Another unique strength of sync.Cond is its Broadcast method. Imagine we have multiple goroutines, all waiting on different conditions. Rather than call Signal once per goroutine (which would be racy anyway), we can call Broadcast to simultaneously wake all sleeping goroutines. This is analogous to calling close on a channel—except that Broadcast can be called multiple times, whereas calling close twice will result in a panic. So perhaps that’s another rule of thumb: if you find yourself thinking “gee, I wish I could close this channel more than once,” consider using a sync.Cond.

A good example of where Broadcast is handy is to signal cancellation or shutdown. When the user hits Ctrl-C, we need all our goroutines to exit; thus, our code needs to “select” on two conditions:

cond.L.Lock()
for len(users) < 100 && !shutdown {
    cond.Wait()
}
if shutdown {
    cond.L.Unlock()
    return
}
givePrizes(users[:10])
cond.L.Unlock()

Now, when it’s time to clean up, we can set shutdown = true and call cond.Broadcast(). All of the sleeping goroutines will wakeup, observe the condition, and exit.

It hopefully goes without saying that sync.Cond, like any other concurrency primitive, is prone to deadlocks. If you forget to unlock the mutex—deadlock. If you don’t call Signal or Broadcast after changing the condition variable—deadlock. If you use Signal where you should have used Broadcast—believe it or not, deadlock. I don’t have a ton of experience debugging these deadlocks, so the only tip I can offer is to try spawning a goroutine that just calls cond.Broadcast() in an infinite loop. If that fixes the deadlock, it means you’re failing to call cond.Signal() or cond.Broadcast() somewhere. If it doesn’t, it means that your conditions are never being satisfied.

By the way, sync.Cond is not novel to Go; it’s simply Go’s implementation of a monitor. In fact, if you read up on monitors, you’ll see that the method names xof sync.Cond, as well as the names of internal runtime functions that it calls, are all lifted straight from the original source. (That original source, by the way, is Tony Hoare—the same guy who came up with CSP, which is what Go’s entire concurrency model is based on.)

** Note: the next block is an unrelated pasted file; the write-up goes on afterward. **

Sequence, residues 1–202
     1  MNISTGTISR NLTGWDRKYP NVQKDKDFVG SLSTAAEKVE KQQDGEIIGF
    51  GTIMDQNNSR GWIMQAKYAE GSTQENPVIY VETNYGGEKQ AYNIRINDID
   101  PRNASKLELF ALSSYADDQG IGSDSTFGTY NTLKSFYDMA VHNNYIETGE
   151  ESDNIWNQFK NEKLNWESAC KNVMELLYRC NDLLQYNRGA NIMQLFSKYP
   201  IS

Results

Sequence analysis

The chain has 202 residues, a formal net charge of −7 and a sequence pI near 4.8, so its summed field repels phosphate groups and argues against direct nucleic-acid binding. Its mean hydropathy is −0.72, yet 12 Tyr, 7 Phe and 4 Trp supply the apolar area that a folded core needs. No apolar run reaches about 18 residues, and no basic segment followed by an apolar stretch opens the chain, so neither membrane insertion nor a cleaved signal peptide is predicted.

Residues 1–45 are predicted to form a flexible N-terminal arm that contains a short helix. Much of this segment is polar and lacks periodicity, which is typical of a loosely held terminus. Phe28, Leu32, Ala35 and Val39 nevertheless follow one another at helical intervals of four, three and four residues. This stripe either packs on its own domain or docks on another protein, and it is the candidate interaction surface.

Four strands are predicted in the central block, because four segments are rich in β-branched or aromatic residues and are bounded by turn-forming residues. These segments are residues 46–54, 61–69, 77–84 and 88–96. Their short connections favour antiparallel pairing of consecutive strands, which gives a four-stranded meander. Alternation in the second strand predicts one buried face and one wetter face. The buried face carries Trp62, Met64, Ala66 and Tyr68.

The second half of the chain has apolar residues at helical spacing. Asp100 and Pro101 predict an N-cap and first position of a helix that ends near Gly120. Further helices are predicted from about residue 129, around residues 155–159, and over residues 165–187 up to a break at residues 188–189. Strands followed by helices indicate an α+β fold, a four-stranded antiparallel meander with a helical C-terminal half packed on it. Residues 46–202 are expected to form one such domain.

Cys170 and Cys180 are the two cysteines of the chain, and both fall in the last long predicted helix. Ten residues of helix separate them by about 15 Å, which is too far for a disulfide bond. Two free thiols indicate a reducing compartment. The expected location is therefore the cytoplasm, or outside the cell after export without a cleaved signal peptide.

Lastly: What is sync.Cond used for in the real world? Well, I looked at those 42 packages in the Go corpus, and I’ll be honest, most of them aren’t great. Their usage of sync.Cond isn’t incorrect, per se, but a channel would probably work just as well or better. I did find at least two good examples, though: an in-memory pipe, and a connection multiplexer. If you squint a bit, these are both solving roughly the same problem: simulating a connection with byte buffers. There’s no underlying syscall to block on, so we need to “artificially” block until data is available. And since we’re simulating a connection, we also need to support I/O deadlines and closing. I don’t doubt that it’s possible to implement this using channels, but in my experience, sync.Cond is a better fit. (For comparison, io.Pipe is implemented with three channels, three mutexes, and a sync.Once—and even with all that, it doesn’t support deadlines!)